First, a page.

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Kingsley Plantation is located on the Fort George Island and was the site of a large estate in the Jacksonville area where many enslaved persons lived and dies. The plantation is named after its original owner, Zephaniah Kingsley, a white man who married an enslaved woman and purchased the land in 1817 after settling there a few years prior. The plantation is now part of the National Park Service and is open to visitors who want to explore and take tours of the grounds and learn about the history of the plantation and the people-free and slave-who lived on these grounds.


  • Slave Quarters. Cotton was the man crop of the plantation but other crops such as rice were also grown. Kingsley implemented a “task system” to distribute work among the slaves.
  • The Kingsleys and a number of former slaves moved to Haiti in 1837 and started a plantation there. This plantation was acquired by the nephew of the Kingsleys at that time
  • Slave Quarters. The State of Florida bought the plantation in 1955 and opened it as a state historic site.

Zephaniah Kingsley purchased this land for $7,000 and owned several other plantations and land around the lower St. John’s River. Some of this property is now the city of Jacksonville as well as Drayton Island. Kingsley was once a slave trader and purchased a slave named Anna Madgigine Jai from Senegal in Africa. She then became his wife in 1806 and she  managed several of the plantations part-time while still a slave. Kingsley also had relationships with 3 other slaves. Kingsley had four children with his wife Anna, the last being born in 1824. Zephaniah Kingsley freed his wife Anna in 1811 and she acquired some of her own land. While this was not common, it was not unheard of in eastern Florida in the early 1800s. The last son born, John Maxwell inherited his land after his death.

Anna was an overseer of about 60 slaves on the Fort George Island where they grew citrus, sugar cane, Sea Island cotton, and corn. Most slaves in Florida during that time were part of a system where they were allowed during their free time after their daily work was finished, as well as the ability to grow their own crops. This all changed when the United States purchased Florida from Spain in 1821. n the early 19th century Florida belonged to Spain (notwithstanding the Native Americans inhabiting there) which had more relaxed laws regarding race relations and slavery. When the U.S. bought Florida in 1821 this all changed. Fear of freed slaves and slave rebellions resulted in the state government passing many laws in order to restrict rights of blacks whether free or enslaved. Kingsley argued that treating these people humanely would ensure the peace as it had in the past when slaves might have more easily rebelled. He was appointed to the Legislative council of the Territory of Florida and sought to persuade them into more tolerant laws. His efforts were unsuccessful.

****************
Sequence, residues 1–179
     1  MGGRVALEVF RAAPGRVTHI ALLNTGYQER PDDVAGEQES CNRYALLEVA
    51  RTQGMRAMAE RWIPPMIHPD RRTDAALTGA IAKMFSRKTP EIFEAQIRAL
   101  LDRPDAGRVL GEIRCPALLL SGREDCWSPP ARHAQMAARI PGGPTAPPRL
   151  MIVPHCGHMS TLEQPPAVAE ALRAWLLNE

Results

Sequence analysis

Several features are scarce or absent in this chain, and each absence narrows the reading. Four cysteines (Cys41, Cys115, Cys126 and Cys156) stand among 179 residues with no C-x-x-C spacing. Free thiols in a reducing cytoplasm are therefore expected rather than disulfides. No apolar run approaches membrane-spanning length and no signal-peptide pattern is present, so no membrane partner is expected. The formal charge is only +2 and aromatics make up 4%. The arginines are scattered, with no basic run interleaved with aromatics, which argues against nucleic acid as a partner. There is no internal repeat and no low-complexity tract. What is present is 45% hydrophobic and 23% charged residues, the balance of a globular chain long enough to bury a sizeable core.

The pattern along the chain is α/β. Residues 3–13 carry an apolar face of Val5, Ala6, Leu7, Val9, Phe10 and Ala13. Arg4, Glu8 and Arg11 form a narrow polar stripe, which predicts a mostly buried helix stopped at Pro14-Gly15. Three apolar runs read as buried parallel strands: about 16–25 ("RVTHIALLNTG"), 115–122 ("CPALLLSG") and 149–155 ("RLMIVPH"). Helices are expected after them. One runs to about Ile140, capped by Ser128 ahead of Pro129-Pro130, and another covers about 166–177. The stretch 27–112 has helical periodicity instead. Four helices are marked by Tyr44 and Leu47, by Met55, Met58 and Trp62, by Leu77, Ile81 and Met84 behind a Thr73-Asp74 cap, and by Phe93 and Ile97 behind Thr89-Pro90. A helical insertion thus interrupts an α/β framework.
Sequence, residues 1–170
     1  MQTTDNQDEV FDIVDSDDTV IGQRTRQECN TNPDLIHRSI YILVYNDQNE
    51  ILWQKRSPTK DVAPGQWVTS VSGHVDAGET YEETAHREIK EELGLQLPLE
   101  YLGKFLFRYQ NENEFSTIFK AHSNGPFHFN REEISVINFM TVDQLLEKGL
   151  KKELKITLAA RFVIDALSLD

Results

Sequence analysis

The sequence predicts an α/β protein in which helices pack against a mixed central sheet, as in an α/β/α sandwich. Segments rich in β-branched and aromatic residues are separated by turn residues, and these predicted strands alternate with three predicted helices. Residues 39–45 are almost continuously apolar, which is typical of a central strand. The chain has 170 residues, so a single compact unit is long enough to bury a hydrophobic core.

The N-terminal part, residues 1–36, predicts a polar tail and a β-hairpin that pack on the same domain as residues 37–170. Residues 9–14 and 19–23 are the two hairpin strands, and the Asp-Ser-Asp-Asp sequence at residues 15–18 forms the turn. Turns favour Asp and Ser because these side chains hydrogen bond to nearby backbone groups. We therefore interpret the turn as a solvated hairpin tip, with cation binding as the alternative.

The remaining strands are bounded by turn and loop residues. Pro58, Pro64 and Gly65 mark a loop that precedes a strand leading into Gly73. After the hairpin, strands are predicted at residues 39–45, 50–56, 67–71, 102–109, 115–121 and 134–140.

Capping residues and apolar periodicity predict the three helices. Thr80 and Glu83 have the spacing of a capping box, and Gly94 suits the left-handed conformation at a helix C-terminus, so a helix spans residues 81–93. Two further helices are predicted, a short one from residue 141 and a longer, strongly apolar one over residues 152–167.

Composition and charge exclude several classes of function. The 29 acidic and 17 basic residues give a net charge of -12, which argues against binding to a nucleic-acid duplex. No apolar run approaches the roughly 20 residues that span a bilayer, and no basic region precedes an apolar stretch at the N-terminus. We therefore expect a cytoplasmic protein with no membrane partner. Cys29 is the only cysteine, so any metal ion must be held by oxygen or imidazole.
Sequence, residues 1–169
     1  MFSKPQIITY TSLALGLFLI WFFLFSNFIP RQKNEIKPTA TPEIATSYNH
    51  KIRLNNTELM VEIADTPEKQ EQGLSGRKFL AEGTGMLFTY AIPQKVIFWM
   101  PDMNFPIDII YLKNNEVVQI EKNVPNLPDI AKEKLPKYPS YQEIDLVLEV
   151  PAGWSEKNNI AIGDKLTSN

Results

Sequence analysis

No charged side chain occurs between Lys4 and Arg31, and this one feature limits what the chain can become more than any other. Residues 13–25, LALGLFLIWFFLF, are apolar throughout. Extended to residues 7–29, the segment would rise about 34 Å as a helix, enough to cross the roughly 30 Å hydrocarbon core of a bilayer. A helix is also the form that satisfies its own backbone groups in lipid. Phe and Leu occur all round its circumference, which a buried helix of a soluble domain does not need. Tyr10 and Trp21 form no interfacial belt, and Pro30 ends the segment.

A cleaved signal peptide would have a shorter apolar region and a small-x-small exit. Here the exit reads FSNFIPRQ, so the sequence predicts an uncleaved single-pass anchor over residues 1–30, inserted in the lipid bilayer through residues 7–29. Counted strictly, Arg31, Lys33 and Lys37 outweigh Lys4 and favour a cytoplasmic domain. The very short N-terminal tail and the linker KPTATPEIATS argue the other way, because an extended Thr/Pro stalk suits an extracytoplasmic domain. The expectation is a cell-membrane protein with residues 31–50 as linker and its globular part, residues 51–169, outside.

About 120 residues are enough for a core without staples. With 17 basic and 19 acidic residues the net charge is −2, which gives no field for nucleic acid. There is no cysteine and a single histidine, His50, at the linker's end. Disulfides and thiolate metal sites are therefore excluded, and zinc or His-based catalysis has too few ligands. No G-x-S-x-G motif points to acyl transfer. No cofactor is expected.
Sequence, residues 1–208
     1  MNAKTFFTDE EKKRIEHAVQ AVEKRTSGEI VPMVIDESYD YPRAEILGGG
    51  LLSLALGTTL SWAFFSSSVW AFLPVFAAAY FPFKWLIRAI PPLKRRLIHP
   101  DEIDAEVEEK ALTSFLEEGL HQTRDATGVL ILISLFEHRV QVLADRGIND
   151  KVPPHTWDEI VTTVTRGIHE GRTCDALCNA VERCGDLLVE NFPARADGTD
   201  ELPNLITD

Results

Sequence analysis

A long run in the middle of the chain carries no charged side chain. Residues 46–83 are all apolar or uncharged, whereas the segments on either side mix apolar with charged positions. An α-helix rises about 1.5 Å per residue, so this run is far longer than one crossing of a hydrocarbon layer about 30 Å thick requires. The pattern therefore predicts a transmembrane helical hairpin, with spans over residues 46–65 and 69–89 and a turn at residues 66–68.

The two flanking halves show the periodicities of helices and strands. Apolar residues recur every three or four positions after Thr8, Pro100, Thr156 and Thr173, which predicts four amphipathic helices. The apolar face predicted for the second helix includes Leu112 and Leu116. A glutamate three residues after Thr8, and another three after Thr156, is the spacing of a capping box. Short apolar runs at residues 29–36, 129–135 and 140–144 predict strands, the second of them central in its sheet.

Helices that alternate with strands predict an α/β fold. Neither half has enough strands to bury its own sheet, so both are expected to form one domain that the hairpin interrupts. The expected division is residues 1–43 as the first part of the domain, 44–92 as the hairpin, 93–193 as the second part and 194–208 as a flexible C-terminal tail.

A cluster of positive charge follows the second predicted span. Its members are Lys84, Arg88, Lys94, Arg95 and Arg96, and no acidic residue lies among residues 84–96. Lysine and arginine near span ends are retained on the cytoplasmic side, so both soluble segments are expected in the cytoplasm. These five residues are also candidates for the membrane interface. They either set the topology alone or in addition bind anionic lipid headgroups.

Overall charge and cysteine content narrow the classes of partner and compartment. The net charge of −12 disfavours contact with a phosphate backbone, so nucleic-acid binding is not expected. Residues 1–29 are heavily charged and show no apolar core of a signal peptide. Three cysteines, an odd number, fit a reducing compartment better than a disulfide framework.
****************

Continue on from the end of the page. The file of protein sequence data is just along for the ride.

Because of laws forbidding interracial marriages and inheritances to blacks, Kingsley sent his wife, and two of his children, as well as some of his slaves to Haiti where they would be free. He sold the land to his nephew and moved to Haiti. After his death, his wife went back to Florida to fight her husband’s relatives for the Fort George Island, where the court upheld Kingsley’s will because it was made under Spanish laws where free blacks could inherent land.

The Kingsley Plantation is now managed by the U.S. National Park Service and a part of the Timucuan Ecological and Historic Preserve where people can visit and tour for free. The magazine article from Florida History & the Arts concludes, that “visitors can explore the grounds, which include the slave quarters, barn, waterfront, plantation house, kitchen house and interpretive garden.” The Island hosts events during black history month in February and Kingsley Heritage Celebrations in October. 

1. "Kingsley Plantation," Wikipedia, accessed on September 30, 2014, http://en.wikipedia.org/wiki/Kingsley_Plantation 2. Mallard, Kiley. “The Kingsley Plantation: Slavery in Spanish Florida.” Florida History & the Arts, Winter 2007. http://www.nps.gov/timu/historyculture/loader.cfm?csModule=security/getfile&PageID=137273 3.“Kingsley Family and Society,” National Park Service, accessed on September 29, 2014, http://www.nps.gov/timu/historyculture/kp_family_society.htm
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